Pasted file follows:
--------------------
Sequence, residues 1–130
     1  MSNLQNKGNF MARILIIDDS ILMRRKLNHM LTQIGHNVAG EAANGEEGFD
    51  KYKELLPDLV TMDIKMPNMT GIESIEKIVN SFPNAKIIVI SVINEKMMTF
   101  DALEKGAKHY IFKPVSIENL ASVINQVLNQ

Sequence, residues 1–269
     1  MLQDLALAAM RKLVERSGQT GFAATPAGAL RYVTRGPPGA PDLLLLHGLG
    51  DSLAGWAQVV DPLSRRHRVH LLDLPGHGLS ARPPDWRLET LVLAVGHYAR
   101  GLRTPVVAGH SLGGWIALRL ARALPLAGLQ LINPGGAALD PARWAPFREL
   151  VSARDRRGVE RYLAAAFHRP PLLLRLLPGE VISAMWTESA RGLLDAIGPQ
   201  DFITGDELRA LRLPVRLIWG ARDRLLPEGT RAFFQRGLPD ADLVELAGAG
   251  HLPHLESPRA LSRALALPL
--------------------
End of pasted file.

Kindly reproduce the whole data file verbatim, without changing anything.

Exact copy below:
Sequence, residues 1–130
     1  MSNLQNKGNF MARILIIDDS ILMRRKLNHM LTQIGHNVAG EAANGEEGFD
    51  KYKELLPDLV TMDIKMPNMT GIESIEKIVN SFPNAKIIVI SVINEKMMTF
   101  DALEKGAKHY IFKPVSIENL ASVINQVLNQ

Sequence, residues 1–269
     1  MLQDLALAAM RKLVERSGQT GFAATPAGAL RYVTRGPPGA PDLLLLHGLG
    51  DSLAGWAQVV DPLSRRHRVH LLDLPGHGLS ARPPDWRLET LVLAVGHYAR
   101  GLRTPVVAGH SLGGWIALRL ARALPLAGLQ LINPGGAALD PARWAPFREL
   151  VSARDRRGVE RYLAAAFHRP PLLLRLLPGE VISAMWTESA RGLLDAIGPQ
   201  DFITGDELRA LRLPVRLIWG ARDRLLPEGT RAFFQRGLPD ADLVELAGAG
   251  HLPHLESPRA LSRALALPL